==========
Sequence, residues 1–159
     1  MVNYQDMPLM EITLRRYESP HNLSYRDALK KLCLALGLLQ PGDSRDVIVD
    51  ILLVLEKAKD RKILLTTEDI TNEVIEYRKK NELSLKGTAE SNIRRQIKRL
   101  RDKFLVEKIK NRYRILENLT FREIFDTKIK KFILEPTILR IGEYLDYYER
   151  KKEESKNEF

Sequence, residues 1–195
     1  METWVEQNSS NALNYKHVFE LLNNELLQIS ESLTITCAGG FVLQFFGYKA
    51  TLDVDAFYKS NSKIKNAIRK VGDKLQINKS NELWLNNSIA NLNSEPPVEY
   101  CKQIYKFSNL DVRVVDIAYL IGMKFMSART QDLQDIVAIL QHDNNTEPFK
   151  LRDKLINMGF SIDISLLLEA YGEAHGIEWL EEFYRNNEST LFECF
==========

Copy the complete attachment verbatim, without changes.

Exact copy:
Sequence, residues 1–159
     1  MVNYQDMPLM EITLRRYESP HNLSYRDALK KLCLALGLLQ PGDSRDVIVD
    51  ILLVLEKAKD RKILLTTEDI TNEVIEYRKK NELSLKGTAE SNIRRQIKRL
   101  RDKFLVEKIK NRYRILENLT FREIFDTKIK KFILEPTILR IGEYLDYYER
   151  KKEESKNEF

Sequence, residues 1–195
     1  METWVEQNSS NALNYKHVFE LLNNELLQIS ESLTITCAGG FVLQFFGYKA
    51  TLDVDAFYKS NSKIKNAIRK VGDKLQINKS NELWLNNSIA NLNSEPPVEY
   101  CKQIYKFSNL DVRVVDIAYL IGMKFMSART QDLQDIVAIL QHDNNTEPFK
   151  LRDKLINMGF SIDISLLLEA YGEAHGIEWL EEFYRNNEST LFECF